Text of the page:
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Readings of the economic thought of Cuban poet and social theorist José artÃ have focused on the portion of his journalistic works that looks like economic writing in a conventional sense. I argue that MartÃ's economic writings are far more extensive than those that appear to have been written for a "linguistic community" of economists and economic journalists. Much of MartÃ's economic thinking is revealed through an extensive system of symbols, images, metaphors and allusions in articles that appear to have little to do with economics. MartÃ, one of the best known members of a group of Latin American poets who later came to be known as the modernistas, often used tropes developed in his poetic practice in his economic writing for newspapers such as La Nación of Buenos Aires and La Opinión Nacional of Caracas. I further argue that the full range of MartÃ's economic views only becomes evident upon close reading of his journalistic production as if it were poetry. What becomes clear by this method is MartÃ's rejection of the version of U.S. capitalism he witnesses in New York City in the 1880's as an economic system for future Latin American development. This is not merely a condemnation of particular economic practices, such as protectionism or the dominance of monopolies, but rather a systematic rejection of capitalism on economic, social, cultural and even spiritual grounds. Chapters 2, 3, 4 and 5 demonstrate this rejection through examination of a sample of his economically oriented tropes including The Mayflower, Henry George, prizefighting, the biblical Cain and the locomotive. MartÃ appears to have developed this highly codified style in part to avoid censorship by his editor at La Nación since that paper had devoted itself to the promotion of U.S. style capitalism as the only appropriate economic model for Argentina's future development. However, it is reasonable to argue that MartÃ also had in mind a subconscious appeal to his readers as a strategy for opposing the adoption of the U.S. capitalist economic model.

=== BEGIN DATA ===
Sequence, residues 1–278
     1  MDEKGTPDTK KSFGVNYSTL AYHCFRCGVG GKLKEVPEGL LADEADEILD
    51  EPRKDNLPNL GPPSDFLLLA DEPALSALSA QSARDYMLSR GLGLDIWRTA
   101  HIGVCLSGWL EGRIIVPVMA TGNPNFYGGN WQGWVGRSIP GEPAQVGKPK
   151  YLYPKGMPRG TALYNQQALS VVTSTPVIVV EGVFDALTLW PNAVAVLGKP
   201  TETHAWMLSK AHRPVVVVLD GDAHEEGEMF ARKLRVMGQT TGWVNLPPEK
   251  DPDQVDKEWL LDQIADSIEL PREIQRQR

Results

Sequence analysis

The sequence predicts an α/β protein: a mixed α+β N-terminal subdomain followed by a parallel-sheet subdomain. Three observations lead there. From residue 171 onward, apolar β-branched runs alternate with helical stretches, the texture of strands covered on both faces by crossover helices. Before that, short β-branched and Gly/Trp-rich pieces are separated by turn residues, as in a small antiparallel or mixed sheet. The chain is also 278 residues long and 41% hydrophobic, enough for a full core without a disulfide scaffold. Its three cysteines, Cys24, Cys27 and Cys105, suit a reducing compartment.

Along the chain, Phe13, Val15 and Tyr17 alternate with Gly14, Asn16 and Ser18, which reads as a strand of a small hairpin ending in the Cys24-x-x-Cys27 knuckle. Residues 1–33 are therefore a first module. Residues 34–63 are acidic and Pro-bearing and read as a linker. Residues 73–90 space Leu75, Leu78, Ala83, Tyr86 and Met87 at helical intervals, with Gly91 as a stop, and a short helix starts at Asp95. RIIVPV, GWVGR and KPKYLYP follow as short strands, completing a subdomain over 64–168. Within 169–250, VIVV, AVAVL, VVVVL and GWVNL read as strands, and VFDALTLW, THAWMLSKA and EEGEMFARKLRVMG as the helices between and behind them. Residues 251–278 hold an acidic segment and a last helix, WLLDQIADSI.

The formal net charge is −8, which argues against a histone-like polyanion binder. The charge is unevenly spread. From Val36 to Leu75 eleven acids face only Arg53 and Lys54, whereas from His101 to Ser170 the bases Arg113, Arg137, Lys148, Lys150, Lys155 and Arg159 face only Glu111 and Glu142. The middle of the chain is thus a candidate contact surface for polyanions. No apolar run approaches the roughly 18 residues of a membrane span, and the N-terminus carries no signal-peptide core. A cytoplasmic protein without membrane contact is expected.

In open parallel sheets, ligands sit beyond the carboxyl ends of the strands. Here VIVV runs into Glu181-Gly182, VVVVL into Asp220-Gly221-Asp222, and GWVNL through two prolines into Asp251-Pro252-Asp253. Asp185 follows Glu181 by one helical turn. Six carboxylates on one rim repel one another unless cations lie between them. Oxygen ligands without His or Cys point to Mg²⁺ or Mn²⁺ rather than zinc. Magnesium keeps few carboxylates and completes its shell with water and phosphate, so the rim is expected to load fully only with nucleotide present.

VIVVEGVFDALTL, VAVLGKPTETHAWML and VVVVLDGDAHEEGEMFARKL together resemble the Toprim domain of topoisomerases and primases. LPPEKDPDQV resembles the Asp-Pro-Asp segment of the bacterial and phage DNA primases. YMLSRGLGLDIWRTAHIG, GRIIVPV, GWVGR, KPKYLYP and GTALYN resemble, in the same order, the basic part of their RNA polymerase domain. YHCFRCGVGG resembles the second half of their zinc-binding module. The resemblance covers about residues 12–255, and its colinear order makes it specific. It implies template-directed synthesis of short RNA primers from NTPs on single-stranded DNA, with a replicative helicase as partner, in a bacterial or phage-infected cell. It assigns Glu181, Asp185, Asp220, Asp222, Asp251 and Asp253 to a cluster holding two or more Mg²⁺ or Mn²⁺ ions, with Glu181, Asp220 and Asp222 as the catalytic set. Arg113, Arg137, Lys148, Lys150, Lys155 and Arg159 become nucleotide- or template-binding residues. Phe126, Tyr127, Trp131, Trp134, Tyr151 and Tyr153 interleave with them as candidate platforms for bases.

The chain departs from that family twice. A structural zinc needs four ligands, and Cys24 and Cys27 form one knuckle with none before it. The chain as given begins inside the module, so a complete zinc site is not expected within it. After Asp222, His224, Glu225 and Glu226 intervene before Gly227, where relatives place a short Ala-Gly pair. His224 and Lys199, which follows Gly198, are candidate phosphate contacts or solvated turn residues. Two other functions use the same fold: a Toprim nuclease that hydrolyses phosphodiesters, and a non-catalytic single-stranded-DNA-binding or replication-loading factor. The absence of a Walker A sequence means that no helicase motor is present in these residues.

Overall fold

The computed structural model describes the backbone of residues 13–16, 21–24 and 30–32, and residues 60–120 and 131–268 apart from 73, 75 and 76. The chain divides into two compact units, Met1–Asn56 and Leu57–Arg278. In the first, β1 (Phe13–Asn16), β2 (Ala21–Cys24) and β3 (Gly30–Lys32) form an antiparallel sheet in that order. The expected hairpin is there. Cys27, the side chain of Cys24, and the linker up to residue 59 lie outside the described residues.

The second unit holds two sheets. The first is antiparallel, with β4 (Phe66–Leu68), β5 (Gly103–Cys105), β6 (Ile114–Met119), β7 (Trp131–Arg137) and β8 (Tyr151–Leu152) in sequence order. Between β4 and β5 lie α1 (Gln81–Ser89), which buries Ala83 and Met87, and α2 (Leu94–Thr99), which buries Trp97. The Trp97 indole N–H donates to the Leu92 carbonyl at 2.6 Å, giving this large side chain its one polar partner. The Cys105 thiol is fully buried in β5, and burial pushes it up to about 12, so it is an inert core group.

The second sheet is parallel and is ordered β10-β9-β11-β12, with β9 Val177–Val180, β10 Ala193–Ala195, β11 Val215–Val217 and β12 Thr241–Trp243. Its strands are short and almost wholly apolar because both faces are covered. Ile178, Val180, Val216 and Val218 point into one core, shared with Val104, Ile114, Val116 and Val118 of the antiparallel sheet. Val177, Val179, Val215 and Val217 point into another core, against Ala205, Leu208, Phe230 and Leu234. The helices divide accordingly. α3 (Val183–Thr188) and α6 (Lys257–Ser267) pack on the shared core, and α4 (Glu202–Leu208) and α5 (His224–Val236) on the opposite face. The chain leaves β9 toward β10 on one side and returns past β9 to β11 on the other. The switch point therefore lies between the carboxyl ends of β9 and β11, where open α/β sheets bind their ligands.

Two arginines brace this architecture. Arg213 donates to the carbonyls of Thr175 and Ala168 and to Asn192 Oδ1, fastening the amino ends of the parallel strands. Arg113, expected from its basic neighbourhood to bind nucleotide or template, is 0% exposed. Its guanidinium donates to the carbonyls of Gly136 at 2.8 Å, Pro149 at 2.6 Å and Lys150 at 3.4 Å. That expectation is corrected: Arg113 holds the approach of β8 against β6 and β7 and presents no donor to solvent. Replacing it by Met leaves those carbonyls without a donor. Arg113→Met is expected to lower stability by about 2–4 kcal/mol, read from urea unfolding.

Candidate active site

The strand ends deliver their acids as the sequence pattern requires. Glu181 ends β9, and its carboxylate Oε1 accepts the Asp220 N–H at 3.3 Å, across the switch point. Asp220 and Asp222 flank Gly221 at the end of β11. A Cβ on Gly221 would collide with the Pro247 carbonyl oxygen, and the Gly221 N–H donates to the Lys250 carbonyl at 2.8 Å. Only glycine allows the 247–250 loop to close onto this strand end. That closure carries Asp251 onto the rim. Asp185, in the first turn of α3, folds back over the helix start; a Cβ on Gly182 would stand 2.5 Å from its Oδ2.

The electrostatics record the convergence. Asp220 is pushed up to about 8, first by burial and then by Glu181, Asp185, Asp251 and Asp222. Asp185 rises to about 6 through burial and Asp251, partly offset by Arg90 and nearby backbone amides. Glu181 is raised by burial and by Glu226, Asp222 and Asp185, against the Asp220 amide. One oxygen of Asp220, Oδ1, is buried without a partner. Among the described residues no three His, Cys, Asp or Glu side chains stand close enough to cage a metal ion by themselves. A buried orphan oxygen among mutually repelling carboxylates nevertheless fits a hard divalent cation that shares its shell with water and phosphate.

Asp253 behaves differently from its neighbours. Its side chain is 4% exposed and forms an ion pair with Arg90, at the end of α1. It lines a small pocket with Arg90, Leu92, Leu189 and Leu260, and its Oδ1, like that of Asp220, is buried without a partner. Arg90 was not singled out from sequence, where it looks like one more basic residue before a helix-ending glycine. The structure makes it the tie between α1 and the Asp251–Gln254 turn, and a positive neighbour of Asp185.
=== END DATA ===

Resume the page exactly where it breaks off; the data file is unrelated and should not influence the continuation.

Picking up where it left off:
Pensamiento Económico, Economic Thought, 19th Century Economic Thought, Henry George, Escenas Norteamericanas
Date of Defense
March 29, 2006.
A Dissertation Submitted to the Department of Modern Languages in Partial Fulfillment of the Requirements for the Degree of Doctor of Philosophy.
Includes bibliographical references.
José Gomariz, Professor Directing Dissertation; Virgilio Suárez, Outside Committee Member; Roberto Fernández, Committee Member; Ernest Rehder, Committee Member.
Florida State University
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